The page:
How to Use the Terminal
Here are the most important commands that you’ll need to know for CS61B:
This command will change your directory to
This command will tell you the full absolute path for the current directory you are in if you are not sure where you are.
~: shorthand for your home directory
.: shorthand for your current directory
This command will change your directory to the current directory (aka. do nothing).
..: shorthand for one parent directory above your current directory
This command will change your directory to its parent. If you are in
/workspace/day1/, the command will place you in
This command will list all the files and folders in your current directory.
You can also use
ls <directory> to list the contents of a different
directory – try
This command will make a new directory within the current directory called
dirname. You can think of a directory
as creating another folder on your local computer.
This command will create a file within the current directory called
filename. To create a text file, you would
run the command
This command will remove
file from the current directory. It will not work
file does not exist.
rm -r [dir]
This command will remove the
dir directory recursively. In other words, it will
delete all the files and directories in
dir in addition to
dir itself. Be
careful with this command!
This command is useful for inspecting the contents of files in the terminal without having to open them in a program. It is not as useful for large files (which can clutter the terminal) or non-text files (which will likely output gibberish).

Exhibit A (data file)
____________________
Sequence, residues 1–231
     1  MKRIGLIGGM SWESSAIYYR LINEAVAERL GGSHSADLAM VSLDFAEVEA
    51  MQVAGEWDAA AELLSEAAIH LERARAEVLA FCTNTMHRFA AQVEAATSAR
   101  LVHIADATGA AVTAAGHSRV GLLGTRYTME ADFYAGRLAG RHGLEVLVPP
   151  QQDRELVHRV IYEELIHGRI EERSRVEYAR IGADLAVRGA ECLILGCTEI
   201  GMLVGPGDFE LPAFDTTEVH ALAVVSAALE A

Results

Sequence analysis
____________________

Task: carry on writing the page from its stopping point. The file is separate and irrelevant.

cp lab1/original lab2/duplicate
This command will copy the
original file in the
lab1 directory and
duplicate file in the
mv lab1/original lab2/original
This command moves
cp, mv does not
leave original in the
mv lab1/original lab1/newname
This command does not move the file but rather renames it from
Here are some other useful tricks when working in a terminal.
- Your shell can complete file names and directory names for you with tab completion. When you have
an incomplete name (for something that already exists), try pressing the
tabkey for autocomplete or a list of possible names.
- You can copy-paste into the terminal. This is straightforward on Mac, but on Windows, right-click to copy and paste highlighted text.
- If you want to run the same command used recently, press the
uparrow key on your keyboard until you see the correct instruction. If you go too far, use the
downkey to go back. This saves typing time if you are doing repetitive instructions.
- You can have multiple terminals open at a time - this might help speed up your workflow if you’re running separate tasks that require the terminal.